Sensory ecology and anthropologyThese sorts of insights were the impetus for the development of the burgeoning field of sensory anthropology, which seeks to understand other cultures from within their own unique sensoria. Anthropologists such as Paul Stoller (1989) and Michael Jackson (1983, 1989) have focused on a critique of the hegemony of vision and textuality in the social sciences. They argue persuasively for an understanding and analysis that is embodied, one sensitive to the unique context of sensation of those one wishes to understand. They believe that a thorough awareness and adoption of other sensoria is a key requirement if ethnography is to approach true understanding.
A related area of study is sensory (or perceptual) ecology. This field aims at understanding the unique sensory and interpretive systems all organisms develop, based on the specific ecological environments they live in, experience and adapt to. A key researcher in this field has been psychologist James J. Gibson, who has written numerous seminal volumes considering the senses in terms of holistic, self-contained perceptual systems. These exhibit their own mindful, interpretive behaviour, rather than acting simply as conduits delivering information for cognitive processing, as in more representational philosophies of perception or theories of psychology (1966, 1979). Perceptual systems detect affordances in objects in the world, directing attention towards information about an object in terms of the possible uses it affords an organism.
The individual sensory systems of the body are only parts of these broader perceptual ecologies, which include the physical apparatus of sensation, the environment being sensed, as well as both learned and innate systems for directing attention and interpreting the results. These systems represent and enact the information (as an influence which leads to a transformation) required to perceive, identify or reason about the world, and are distributed across the very design and structures of the body, in relation to the physical environment, as well as in the concepts and interpretations of the mind. This information varies according to species, physical environment, and the context of information in the social and cultural systems of perception, which also change over time and space, and as an individual learns through living. Any single perceptual modality may include or overlap multiple sensory structures, as well as other modes of perception, and the sum of their relations and the ratio of mixture and importance comprise a sensorium. The perception, understanding, and reasoning of an organism is dependent on the particular experience of the world delivered by changing ratios of sense.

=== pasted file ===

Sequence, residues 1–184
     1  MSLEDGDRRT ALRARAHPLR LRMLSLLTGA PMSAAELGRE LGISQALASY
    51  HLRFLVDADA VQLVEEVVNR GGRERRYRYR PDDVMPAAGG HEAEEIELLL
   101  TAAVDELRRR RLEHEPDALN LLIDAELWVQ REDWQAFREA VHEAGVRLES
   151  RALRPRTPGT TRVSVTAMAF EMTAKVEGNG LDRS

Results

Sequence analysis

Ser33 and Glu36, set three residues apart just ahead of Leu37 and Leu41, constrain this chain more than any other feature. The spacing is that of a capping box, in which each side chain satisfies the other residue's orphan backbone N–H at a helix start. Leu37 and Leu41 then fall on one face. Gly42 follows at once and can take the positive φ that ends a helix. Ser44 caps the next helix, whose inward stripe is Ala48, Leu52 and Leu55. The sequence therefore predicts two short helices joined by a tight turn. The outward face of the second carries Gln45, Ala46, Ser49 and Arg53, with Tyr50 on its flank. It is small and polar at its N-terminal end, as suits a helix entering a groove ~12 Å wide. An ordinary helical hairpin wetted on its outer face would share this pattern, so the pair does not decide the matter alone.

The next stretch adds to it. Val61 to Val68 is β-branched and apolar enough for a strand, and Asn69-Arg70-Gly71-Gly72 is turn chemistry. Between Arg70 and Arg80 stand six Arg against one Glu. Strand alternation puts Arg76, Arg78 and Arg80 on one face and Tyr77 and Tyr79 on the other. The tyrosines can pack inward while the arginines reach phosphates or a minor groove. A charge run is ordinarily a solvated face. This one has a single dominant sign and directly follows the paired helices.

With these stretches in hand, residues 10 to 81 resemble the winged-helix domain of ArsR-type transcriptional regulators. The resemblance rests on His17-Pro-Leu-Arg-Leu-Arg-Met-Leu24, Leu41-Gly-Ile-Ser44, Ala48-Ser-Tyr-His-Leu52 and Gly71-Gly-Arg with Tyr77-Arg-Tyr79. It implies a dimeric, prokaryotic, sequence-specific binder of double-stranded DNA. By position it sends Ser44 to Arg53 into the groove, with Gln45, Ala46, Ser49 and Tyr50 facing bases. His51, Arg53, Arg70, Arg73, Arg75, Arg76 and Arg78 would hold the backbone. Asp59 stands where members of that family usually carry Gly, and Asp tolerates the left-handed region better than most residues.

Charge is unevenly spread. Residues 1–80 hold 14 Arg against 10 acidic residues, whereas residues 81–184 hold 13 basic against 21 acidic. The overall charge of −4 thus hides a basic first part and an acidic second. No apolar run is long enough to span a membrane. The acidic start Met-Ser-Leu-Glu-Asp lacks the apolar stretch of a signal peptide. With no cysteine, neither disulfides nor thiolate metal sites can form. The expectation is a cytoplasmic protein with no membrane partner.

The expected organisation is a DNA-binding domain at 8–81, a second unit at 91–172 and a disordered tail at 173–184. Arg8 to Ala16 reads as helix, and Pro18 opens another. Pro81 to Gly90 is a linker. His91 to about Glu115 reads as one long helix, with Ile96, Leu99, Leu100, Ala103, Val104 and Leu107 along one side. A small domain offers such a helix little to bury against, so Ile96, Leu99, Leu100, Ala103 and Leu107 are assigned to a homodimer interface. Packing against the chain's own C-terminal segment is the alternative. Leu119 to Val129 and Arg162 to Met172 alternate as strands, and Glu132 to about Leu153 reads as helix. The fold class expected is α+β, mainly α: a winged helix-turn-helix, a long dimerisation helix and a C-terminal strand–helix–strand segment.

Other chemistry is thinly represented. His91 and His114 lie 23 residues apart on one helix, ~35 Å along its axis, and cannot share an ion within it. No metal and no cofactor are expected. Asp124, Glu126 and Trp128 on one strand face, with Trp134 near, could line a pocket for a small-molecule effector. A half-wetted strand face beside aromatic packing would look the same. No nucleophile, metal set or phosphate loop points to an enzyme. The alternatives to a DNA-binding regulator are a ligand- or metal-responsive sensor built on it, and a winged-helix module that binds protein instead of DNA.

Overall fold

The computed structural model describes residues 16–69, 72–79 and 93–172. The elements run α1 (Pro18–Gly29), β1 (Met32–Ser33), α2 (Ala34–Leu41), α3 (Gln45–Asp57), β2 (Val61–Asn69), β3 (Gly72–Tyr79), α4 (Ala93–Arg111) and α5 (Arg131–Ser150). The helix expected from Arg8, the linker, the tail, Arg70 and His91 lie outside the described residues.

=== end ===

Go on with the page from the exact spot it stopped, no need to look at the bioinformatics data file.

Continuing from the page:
Clouded SensoriumA "clouded sensorium" is a medical term used to describe an inability to think clearly or concentrate. It is associated with a huge variety of underlying causes from drug induced states to pathogenic states induced by disease or mineral deficiency.
- Anonymous. 1953. "Russian Sensory Images." In The Study of Culture at a Distance, Margaret Mead and Rhoda Métraux, eds. Chicago: University of Chigago Press. Pp. 162-69.
- Beeli, Gian, Michaela Esslen and Lutz Jäncke. 2005. "Synaesthesia: When Coloured Sounds Taste Sweet." Nature 434 (38). <http://www.nature.com/cgi-taf/DynaPage.taf?file=/nature/journal/v434/n7029/full/434038a_fs.html>. Accessed 15 April 2005.
- Carpenter, Edmund and Marshall McLuhan, eds. 1960. Explorations in Communication. Boston: Beacon Press.
- Classen, Constance. 1991. The Sensory Orders of 'Wild Children. In The Varieties of Sensory Experience. David Howes, ed. Toronto: University of Toronto Press. Pp. 47-60.
- Classen, Constance, David Howes and Anthony Synott. 1994. Aroma: The Cultural History of Smell. London and New York: Routledge.
- Gibson, James J. 1966. The Senses Considered as Perceptual Systems. Boston: Houghton Mifflin.
- Gibson, James J. 1979. The Ecological Approach to Visual Perception. Boston: Houghton Mifflin.
- Howes, David, ed. 1991. The Varieties of Sensory Experience. Toronto: University of Toronto Press.
- Howes, David. 2003. Sensual Relations: Engaging the Senses in Culture and Social Theory. Ann Arbor, MI: University of Michigan Press.
- Jackson, Michael. 1983. "Thinking through the Body: An Essay on Understanding Metaphor." Social Analysis 14:127-48.
- Jackson, Michael. 1989. Paths toward a Clearing: Radical Empiricism and Ethnographic Inquiry. Bloomington: Indiana University Press.
- Ong, Walter J. 1991. The Shifting Sensorium. In The Varieties of Sensory Experience. David Howes, ed. Toronto: University of Toronto Press. Pp. 47-60.
- Simon, B., ed. 1957. Psychology in the Soviet Union. Stanford: Stanford University Press.
- Stoller, Paul. 1989. The Taste of Ethnographic Things: The Senses in Anthropology. Philadelphia: University of Pennsylvania Press.
- Trippy, Dr. 2006 "Dr Trippy's Sensorium." This is a website dedicated to the study of the human sensorium and social organisation.